Making a Signature Wedding Quilt


I wasn’t at the AQS Paducah show this year and there’s a very good reason. My only daughter, unaware that the 2011 show was one week later than usual because of Easter, scheduled her wedding for May 1st in South Carolina. As much as I love meeting all the contest winners and catching up with friends new and old every year in Paducah, I could not shirk my long awaited mother-of-the-bride duties and pleasures that week.

From all reports, it appears the AQS staff, teachers, vendors, AQ contributing editors, and attendees pulled together under dire circumstances and did a remarkable job of coping with the unexpected flood warnings and weather conditions. Special thanks go to my contributing editors Iris Frank, Kathie Kerler, and Marjie Russell; amidst all the chaotic conditions, they managed to interview the major prize winners and wrote the text you’ll read in the Paducah show section of the July 2011 issue of American Quilter.

But back to the wedding! Of course there is a wedding quilt in the works. After showing my daughter (Leslie) and her fiancé (Jonathan) a dozen or so books from which to choose a quilt pattern, they found three designs they liked. All were from the same book, City Quilts: 12 Dramatic Projects Inspired by Urban Views by Cherri House (C&T Publishing). The couple currently lives in Denver, and Jonathan originally hails from New York City, so the contemporary quilts in this book were right up their alley.

Of their favorites, the design most suitable for a signature quilt was City Lights, featuring brick-shaped blocks set in vertical rows. I redrew the design in Electric Quilt (EQ7), working with the couple to come up with a color plan that felt right for both the wedding theme and their home décor. My rendering, which is slightly modified from Cherri House’s original, is shown above with permission from C&T (it is a copyrighted pattern).

Before the wedding, I cut out brick-shaped blocks and taped the edges with masking tape so guests wouldn’t write within the seam allowance. Many of the wedding guests had never seen or even heard of signing fabric blocks for a quilt, but our wonderful wedding planner made sure there was a table and chairs both at the outside reception and later indoors at the wedding dinner for this purpose. I asked my quilter friend, Pat Thompson, to handle this task, and she did it beautifully.

It will probably be the couple’s first anniversary before they receive my completed gift, but like all wedding quilts, I hope that this one serves as a permanent reminder of a special day filled with love, respect, commitment, and the importance of friends and family.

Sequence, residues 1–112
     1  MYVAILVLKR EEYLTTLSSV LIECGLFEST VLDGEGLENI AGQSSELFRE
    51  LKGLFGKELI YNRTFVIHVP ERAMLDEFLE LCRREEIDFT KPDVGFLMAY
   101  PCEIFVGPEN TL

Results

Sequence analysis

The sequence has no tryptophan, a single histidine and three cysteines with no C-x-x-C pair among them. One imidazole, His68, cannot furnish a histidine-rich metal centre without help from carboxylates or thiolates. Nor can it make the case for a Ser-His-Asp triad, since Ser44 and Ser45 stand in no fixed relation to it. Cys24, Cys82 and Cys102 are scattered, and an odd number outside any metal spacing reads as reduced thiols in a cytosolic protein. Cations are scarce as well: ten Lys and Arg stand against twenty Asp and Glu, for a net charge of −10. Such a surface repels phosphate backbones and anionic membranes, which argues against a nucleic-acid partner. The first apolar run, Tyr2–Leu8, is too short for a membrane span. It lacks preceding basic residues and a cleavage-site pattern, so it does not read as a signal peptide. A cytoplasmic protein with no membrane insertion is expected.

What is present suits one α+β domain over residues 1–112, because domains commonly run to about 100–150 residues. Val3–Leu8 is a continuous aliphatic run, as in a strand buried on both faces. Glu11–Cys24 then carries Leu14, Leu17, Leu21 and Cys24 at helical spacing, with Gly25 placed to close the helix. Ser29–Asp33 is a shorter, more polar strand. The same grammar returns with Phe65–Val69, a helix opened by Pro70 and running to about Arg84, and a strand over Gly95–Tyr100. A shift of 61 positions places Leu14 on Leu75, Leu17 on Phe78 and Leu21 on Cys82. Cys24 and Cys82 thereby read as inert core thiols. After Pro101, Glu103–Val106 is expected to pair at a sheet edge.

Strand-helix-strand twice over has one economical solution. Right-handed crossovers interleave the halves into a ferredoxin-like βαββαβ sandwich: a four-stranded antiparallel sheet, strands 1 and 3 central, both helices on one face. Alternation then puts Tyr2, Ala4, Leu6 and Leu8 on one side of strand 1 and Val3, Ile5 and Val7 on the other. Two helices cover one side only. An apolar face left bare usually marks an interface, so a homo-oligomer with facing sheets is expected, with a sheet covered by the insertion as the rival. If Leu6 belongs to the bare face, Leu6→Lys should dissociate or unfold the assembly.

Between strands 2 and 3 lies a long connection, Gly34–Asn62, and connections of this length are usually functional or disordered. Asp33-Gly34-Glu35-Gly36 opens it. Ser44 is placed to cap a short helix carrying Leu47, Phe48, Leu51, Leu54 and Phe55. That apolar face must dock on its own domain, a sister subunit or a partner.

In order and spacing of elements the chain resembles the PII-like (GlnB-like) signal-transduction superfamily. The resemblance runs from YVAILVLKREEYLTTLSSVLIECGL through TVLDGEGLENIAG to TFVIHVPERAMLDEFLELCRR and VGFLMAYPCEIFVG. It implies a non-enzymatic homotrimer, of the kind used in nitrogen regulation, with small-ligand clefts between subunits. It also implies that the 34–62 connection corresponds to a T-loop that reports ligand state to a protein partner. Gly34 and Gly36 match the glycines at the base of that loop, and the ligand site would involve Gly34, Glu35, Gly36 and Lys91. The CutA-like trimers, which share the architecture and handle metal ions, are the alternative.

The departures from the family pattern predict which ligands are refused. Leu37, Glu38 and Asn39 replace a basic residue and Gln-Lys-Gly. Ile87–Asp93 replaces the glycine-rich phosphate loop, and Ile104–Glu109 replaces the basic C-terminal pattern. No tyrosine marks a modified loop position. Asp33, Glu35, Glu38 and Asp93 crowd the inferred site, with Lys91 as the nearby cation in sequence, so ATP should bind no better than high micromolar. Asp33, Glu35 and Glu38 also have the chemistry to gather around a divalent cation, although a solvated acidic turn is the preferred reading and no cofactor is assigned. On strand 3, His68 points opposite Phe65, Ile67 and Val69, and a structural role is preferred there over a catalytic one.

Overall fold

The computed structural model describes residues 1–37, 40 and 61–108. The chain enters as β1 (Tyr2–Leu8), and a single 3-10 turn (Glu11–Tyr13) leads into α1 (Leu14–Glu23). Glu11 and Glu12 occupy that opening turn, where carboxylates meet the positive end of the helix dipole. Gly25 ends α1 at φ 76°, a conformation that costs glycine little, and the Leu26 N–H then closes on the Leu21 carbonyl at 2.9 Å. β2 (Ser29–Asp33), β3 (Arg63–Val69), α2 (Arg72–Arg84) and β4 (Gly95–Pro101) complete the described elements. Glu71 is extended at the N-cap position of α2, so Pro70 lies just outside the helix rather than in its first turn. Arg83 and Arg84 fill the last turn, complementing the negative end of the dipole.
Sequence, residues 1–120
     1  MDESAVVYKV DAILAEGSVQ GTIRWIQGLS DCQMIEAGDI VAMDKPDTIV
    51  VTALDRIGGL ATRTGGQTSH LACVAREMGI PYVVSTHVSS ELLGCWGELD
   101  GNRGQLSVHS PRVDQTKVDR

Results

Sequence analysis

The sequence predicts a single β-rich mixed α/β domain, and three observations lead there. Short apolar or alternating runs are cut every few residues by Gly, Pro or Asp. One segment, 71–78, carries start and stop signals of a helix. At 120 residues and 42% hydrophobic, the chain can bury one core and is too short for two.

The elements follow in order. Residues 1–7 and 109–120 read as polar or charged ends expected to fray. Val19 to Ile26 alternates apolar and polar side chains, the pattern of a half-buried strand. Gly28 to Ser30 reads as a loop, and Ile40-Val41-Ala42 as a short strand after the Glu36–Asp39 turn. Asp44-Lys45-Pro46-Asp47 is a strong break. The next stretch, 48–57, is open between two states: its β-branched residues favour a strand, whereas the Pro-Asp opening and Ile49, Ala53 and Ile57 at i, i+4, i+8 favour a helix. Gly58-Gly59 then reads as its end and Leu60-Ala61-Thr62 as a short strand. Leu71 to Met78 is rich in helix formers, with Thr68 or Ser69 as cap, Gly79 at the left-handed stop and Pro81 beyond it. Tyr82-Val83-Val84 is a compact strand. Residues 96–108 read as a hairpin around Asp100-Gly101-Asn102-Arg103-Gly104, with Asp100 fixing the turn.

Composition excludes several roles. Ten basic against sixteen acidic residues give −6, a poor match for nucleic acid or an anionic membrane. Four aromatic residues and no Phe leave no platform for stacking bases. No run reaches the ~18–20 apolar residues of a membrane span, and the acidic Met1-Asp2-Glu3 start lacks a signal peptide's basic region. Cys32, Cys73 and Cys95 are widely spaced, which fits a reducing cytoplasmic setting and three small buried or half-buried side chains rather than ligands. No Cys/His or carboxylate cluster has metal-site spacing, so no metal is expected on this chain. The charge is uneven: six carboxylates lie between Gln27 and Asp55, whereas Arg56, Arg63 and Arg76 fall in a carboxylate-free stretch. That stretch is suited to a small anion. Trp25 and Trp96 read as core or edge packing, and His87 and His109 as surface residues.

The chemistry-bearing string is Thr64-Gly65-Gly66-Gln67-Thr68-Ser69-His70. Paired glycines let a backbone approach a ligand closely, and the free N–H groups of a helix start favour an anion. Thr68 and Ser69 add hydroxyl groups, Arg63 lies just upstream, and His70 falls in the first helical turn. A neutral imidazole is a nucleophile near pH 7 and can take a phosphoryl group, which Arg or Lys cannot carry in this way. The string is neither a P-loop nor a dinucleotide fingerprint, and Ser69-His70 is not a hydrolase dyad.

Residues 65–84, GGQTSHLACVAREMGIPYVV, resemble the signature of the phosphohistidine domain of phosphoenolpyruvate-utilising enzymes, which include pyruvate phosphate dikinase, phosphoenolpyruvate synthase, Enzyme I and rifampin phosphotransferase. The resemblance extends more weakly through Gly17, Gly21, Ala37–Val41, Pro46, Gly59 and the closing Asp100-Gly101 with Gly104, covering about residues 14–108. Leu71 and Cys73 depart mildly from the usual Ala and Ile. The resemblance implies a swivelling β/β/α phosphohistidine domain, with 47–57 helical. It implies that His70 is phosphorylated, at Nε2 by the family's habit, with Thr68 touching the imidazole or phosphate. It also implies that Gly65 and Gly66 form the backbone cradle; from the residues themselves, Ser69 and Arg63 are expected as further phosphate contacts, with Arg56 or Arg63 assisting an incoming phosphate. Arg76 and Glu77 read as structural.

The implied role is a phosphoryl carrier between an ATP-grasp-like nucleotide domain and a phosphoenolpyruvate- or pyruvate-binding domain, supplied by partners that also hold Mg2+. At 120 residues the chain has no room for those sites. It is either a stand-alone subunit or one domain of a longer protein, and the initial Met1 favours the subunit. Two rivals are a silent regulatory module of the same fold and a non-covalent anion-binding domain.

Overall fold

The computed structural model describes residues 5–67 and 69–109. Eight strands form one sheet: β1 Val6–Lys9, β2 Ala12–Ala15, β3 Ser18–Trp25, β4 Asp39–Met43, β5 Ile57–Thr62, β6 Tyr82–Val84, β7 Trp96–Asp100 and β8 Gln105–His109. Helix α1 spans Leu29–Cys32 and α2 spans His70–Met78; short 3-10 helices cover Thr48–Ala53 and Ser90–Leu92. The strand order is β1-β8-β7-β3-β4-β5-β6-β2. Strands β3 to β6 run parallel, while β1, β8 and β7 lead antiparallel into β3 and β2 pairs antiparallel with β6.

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Congratulations! And, a wonderful quilt full of memories is such a special gift. I have 3 daughters who are married and always wished I had done something special like that. I love the picture of the 4 of you. You look beautiful and, of course, so does your daughter.
Linda Luggen

Susan McMurry

This is beautiful! I'm working on my own wedding quilt, and wondering how to help people understand what they are supposed to do with all those little white squares of fabric. Other than having a table set up with a knowledgable attendant, did you have any kind of explanation or samples for them? Congratulations on your daughter's wedding, it looks lovely!


I am excited to see my wedding quilt brick there! Even as a non-quilter, I understood the instructions. The wedding was beyond lovely. The quilt will be a permanent symbol of an unforgettable occasion, and those of us who participated in it. Quite a good idea. I predict it will catch on.


The signature quilt is lovely. My standard wedding gift has become a signature quilt. I vary the style and always ask the bride and groom to select the colors. One thankful groom said in the thank you note: "it is a wonderful, living memory book of all the family and friends who attend one of the most important events in my life" – I loved that comment. Congrats to all of you!


I am going to quilt the squares made at my son’s wedding. Do I have to treat the squares that have been signed with permanent marker with anything? Will the ink wash out? Will just the heat from the iron “seal” the ink in place even after washing?

Hi Cecilia, It depends on the permanent marker. You may want to test a sample first to guarantee you get the results you want. Congratulations! Betsey